McMurtry of the archival robbery and of other library burglaries that occurred
around that time.  McMurtry was not able to recover the missing materials.
   In 1969 e.v., surviving O.T.O. members from the Germer and Crowley years wer
e invited to join with McMurtry resuming regular operations of O.T.O. Members S
r. Meral, Sr. Grimaud, M. Burlingame and Montenegro indicated willingness to se
e the O.T.O. accessible to the general public.  At that time there were less th
an a dozen surviving O.T.O. members in the United States.  Ray Burlingame had d
ied some years before, and Dr. Montenegro died before an organizational meeting
 could be held.  On 12/28/71, the Ordo Templi Orientis Association was register
ed with the State of California to form a legal entity for O.T.O.  This Associa
tion included members of Agape Lodge #2, from the Crowley and Germer period.  G
rady McMurtry produced his letters of charter, and assumed the title "Caliph of
 O.T.O.", as specified in Crowley's letters to McMurtry from the 1940s e.v.
   Sascha Germer died in the mid 1970s e.v., and the O.T.O. Association under M
cMurtry obtained a court order for delivery of the remnant of the O.T.O. archiv
es that had been in her custodianship.  This order was issued in the Superior C
ourt in Calaveras County, California, and filed July 27th, 1976 e.v.

   Under McMurtry, as Caliph or acting Head of O.T.O., several attempts were ma
de to attract new members to O.T.O.  A few new members were initiated through e
fforts centered in Dublin, California at The College of Thelema and in San Fran
cisco at the Kaaba Clerk House.  The San Francisco activity collapsed, and a ne
w member resigned.  Some years later, a person who was a visitor at the San Fra
ncisco location began representing himself as the Head of O.T.O.  This person w
as not an initiated member.  The Dublin California O.T.O. center ceased to be a
 major focus of O.T.O. activity.
   In 1977 e.v., McMurtry held O.T.O. initiations at his home in Berkeley, Cali
fornia.  A group formed at that new location, a newsletter was published and ul
timately the O.T.O. Association was converted into a corporation. O.T.O. was in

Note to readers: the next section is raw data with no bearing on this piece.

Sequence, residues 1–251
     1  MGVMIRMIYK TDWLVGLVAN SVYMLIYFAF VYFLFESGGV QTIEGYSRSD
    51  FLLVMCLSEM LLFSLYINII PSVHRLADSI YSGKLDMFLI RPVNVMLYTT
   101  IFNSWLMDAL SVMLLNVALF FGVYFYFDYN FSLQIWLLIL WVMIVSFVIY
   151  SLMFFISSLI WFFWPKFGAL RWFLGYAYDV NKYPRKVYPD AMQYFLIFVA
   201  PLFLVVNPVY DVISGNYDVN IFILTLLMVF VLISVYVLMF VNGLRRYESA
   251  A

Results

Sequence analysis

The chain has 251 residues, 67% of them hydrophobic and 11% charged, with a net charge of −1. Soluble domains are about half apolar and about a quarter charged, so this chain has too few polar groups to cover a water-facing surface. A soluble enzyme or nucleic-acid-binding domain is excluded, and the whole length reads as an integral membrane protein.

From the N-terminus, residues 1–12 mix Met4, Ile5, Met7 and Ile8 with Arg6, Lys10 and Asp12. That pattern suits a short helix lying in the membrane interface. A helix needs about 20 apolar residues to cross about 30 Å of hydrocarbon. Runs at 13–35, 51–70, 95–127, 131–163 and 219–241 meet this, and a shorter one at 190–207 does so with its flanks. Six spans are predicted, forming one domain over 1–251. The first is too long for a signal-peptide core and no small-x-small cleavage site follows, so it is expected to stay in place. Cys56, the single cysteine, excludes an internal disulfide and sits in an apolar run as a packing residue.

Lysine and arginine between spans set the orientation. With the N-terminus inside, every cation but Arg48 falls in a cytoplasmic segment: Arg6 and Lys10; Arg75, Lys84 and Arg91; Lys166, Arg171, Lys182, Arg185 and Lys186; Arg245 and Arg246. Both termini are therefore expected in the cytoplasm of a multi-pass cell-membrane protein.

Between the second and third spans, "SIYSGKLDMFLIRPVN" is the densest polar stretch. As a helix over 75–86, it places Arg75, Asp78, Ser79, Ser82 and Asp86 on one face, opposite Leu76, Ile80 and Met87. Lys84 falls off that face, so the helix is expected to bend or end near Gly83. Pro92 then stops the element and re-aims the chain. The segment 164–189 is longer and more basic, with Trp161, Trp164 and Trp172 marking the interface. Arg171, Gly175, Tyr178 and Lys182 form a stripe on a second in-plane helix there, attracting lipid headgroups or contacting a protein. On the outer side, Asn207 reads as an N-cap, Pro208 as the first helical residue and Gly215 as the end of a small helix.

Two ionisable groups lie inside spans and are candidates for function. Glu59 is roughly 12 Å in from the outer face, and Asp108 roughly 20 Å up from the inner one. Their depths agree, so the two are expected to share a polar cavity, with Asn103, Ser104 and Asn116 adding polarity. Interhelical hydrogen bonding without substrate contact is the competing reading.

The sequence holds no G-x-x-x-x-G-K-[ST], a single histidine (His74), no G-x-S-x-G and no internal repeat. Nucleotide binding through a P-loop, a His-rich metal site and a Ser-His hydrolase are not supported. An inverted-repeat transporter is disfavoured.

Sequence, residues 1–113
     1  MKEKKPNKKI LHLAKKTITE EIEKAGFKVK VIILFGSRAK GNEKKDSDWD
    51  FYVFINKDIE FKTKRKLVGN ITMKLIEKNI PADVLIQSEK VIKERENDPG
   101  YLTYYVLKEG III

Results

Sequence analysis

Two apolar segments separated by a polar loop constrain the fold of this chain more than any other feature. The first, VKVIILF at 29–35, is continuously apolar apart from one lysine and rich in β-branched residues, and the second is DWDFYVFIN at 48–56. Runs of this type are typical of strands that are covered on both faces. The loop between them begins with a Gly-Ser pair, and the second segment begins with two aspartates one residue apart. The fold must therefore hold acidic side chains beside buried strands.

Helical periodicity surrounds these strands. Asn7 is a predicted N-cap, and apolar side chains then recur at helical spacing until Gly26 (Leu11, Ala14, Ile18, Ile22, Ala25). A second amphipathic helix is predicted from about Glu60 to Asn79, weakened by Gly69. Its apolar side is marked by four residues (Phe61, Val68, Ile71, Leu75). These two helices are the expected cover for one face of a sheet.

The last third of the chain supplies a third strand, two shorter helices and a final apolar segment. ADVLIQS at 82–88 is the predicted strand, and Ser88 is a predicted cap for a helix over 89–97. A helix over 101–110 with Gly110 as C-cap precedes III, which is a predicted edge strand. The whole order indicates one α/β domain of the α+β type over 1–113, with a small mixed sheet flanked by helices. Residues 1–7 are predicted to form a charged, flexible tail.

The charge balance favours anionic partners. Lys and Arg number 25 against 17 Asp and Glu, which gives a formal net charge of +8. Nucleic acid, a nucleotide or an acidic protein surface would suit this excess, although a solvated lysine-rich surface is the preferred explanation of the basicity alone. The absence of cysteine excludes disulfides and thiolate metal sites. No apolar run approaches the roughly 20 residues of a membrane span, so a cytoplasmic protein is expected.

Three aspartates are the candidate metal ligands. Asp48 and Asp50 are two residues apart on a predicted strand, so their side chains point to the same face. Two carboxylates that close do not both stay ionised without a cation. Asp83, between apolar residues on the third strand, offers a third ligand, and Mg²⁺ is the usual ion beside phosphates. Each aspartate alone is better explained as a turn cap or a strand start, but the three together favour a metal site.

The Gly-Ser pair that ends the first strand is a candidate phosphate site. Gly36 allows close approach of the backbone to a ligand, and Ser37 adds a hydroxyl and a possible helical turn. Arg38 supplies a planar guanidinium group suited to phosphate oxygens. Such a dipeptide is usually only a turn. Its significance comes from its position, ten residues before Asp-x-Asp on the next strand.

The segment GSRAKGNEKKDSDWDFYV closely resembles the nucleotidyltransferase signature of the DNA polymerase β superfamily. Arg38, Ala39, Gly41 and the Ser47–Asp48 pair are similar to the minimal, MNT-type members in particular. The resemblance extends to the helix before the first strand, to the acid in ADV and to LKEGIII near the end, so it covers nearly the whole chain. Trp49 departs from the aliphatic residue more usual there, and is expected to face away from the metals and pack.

corporated under the laws of the State of California on March 26th, 1979 e.v.
Persons who had claimed in print to be O.T.O. members or who were known to be f
ormer members were notified of the formation of the corporation, and given a pe
riod of time to file a claim to continued membership, according to a precedent
established earlier by Karl Germer.  The corporation attained 501(c)3 Federal T
ax exemption as a religious entity in 1982 e.v., and presently includes over 1,
600 active members, world wide.
    During the period from 1962 e.v. (death of Karl Germer) to the present, a n
umber of occult membership societies have arisen.  Because of wide interest in
the writings of Aleister Crowley since those writings had been reprinted in the
 late 1960s e.v. and early 1970s e.v., many of these new societies styled thems
elves to a greater or lesser extent after Crowley's ideas and the model of O.T.
O.  Some individuals and some of these societies have confused the Thelemic rel
igion with the name Ordo Templi Orientis, possibly because many of Crowley's wr
itings on Thelema have been published under the auspices and with the marks of
O.T.O.  One common practice has been the formulation of names for new occult so
cieties with acronyms similar to O.T.O, e.g. O.T.A. for Ordo Templi Astarte, O.
T.B. for Ordo Templi Baphe-metis.  The titles of Crowley and O.T.O. works and p
eriodicals have also been used by some of these individuals and groups, e.g. O.
T.B. has published "The Aurea Flamma" where O.T.O. had used the name "Oriflamme
" for a publication.  Some disturbed individuals wrote to O.T.O. from mental ho
spitals, asserting that they were the true Head of O.T.O. A significant number
of individuals wrote to tell O.T.O. that they were the reincarnation of Aleiste
r Crowley, and that O.T.O. was remiss in not accepting the reincarnation of Ale
ister Crowley as its leader.  Some wrote to other people, asserting similar cla
ims and making unauthorized use of the name and symbols of O.T.O.  Several indi
viduals wrote to O.T.O. asserting that they had received further revelation of
additional material to Crowley's "Libel AL vel Legis", e.g. James Beck (also kn
own as Jimmi Rocket) of Oregon.  This category of correspondents also made occa
sional unauthorized use of the symbols and name of O.T.O.  Authors speculated a
bout the "Real Head of O.T.O.", notably Francis King of England, who wrote seve
ral books supporting different claimants over an extended period.  A few author
s published under fictitious titles and honors copied from O.T.O. history, e.g.
 Geoff Smith, of England, in his "Knights of the Solar Cross" and several autho